Leadership is not sexually transmitted, Grace Mugabe told

By Gift Phiri
Two months after launching her political career, First Lady Grace Mugabe may be watching the beginning of its end.

Facing withering criticism on several fronts — ideological, generational, sociological and judgmental — the threats to the former typist’s easy-earned status as Women’s League secretary-designate and possibly successor to her 90-year-old husband are multiplying, as she reels from a disastrous countrywide campaign that has left her mortally wounded, disgraced, and vulnerable.

It’s not only that, as political observers and analysts see it, the wrong woman is gunning for the presidency, and her campaign to topple a sitting Vice President has no precedence in Zanu PF.

All previous VPs left office through natural wastage to head to the National Heroes Acres — a national shrine for loyalist politicians and fallen guerrillas from the liberation war that ended white rule in Zimbabwe in 1980.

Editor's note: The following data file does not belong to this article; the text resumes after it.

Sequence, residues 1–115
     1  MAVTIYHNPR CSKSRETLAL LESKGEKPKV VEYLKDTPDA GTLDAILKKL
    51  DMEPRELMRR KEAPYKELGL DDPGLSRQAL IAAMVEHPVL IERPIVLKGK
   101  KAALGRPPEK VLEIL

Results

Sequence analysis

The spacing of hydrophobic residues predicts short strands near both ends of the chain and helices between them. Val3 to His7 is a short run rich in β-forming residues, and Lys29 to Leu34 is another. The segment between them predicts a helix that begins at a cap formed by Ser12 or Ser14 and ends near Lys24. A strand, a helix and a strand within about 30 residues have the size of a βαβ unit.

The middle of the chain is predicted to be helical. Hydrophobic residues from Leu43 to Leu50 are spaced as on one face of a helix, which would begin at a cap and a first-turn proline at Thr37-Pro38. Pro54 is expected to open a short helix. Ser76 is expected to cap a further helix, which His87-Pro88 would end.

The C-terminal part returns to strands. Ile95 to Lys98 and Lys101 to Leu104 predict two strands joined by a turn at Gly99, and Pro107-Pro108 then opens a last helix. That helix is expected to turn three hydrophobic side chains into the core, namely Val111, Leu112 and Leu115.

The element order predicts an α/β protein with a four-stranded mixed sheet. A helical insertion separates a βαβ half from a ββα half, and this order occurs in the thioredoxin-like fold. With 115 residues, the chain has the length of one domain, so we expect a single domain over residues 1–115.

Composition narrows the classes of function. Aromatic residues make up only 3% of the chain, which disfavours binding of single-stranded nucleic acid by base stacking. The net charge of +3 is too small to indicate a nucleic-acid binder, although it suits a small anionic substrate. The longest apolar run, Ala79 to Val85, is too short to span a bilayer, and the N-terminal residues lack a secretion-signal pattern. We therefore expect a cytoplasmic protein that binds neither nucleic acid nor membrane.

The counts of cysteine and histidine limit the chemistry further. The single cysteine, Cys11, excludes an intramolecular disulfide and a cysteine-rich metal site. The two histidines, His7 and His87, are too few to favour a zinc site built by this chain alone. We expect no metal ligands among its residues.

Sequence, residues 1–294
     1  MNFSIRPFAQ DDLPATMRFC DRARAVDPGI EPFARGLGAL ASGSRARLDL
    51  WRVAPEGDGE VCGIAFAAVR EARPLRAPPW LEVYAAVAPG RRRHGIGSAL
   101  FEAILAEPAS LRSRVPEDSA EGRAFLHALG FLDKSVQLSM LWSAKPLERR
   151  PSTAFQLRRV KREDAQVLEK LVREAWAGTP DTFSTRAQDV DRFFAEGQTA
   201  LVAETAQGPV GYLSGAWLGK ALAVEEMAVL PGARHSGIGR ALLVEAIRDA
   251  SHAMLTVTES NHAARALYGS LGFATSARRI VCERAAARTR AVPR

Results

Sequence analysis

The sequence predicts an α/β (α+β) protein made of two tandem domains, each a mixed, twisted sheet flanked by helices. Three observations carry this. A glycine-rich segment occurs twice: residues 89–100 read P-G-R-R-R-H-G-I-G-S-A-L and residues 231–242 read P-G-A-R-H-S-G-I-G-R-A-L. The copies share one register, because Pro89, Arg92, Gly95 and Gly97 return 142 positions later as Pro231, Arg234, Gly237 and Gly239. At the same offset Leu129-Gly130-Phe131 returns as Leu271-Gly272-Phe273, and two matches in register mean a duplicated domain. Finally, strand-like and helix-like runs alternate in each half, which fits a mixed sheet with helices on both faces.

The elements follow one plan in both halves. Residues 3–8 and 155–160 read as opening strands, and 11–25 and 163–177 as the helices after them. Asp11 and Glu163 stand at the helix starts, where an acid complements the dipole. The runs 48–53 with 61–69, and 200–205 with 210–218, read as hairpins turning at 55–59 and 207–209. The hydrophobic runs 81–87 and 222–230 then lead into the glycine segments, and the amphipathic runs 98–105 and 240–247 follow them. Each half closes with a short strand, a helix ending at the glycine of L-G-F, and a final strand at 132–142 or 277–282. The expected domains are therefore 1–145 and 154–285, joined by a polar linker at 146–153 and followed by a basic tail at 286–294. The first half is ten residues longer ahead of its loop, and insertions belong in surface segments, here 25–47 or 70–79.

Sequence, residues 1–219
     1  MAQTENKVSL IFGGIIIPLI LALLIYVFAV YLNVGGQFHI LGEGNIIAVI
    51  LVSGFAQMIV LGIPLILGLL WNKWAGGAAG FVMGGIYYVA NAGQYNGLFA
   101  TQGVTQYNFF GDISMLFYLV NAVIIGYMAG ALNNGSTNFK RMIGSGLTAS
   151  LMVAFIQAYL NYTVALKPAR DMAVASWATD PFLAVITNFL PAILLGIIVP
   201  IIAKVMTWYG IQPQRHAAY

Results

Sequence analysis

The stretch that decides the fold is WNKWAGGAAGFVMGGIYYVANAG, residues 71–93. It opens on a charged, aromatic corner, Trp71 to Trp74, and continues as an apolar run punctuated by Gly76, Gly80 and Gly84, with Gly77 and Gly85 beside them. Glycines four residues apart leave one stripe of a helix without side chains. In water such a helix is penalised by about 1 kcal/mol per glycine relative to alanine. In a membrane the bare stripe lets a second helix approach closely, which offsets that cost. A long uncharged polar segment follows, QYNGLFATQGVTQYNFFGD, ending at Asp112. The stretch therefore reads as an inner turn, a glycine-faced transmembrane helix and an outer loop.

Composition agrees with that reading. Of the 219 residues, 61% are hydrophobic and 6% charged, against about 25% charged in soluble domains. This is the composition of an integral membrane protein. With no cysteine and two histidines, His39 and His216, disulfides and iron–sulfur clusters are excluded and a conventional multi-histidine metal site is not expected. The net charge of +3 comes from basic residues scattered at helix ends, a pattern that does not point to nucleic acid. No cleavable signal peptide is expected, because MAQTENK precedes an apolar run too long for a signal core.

This time, the ruling party is behaving like a leaderless herd, with the first lady’s campaign speeches laced with so much hatred, bitterness and frustration.

Retired Lt. Colonel Kudzai Mbudzi, a former Zanla combatant and former Zanu PF provincial spokesperson, says it was unprecedented that a simple card-carrying member of an organisation without any substantive position, would move around the main organisational constituency scolding and purportedly disciplining the general membership and its top leadership by mere cushion of one’s conjugal relationship with the leader of the organisation.

Leadership is not sexually transmitted, he said.
Leadership is not sexually transmitted, Grace Mugabe told
“But Amai, why are you trying to criminalise other members’ political ambitions?” Mbudzi asked.

“You need reminding of the existence of a section in the constitution on the rights of members and therefore that we are all equal members of the party and as such, there is nothing wrong in one wanting to occupy any position within the party, including that of the president.

“But alas, Amai speaks as if we are not allowed to be ambitious in our own right as long as her family still exists.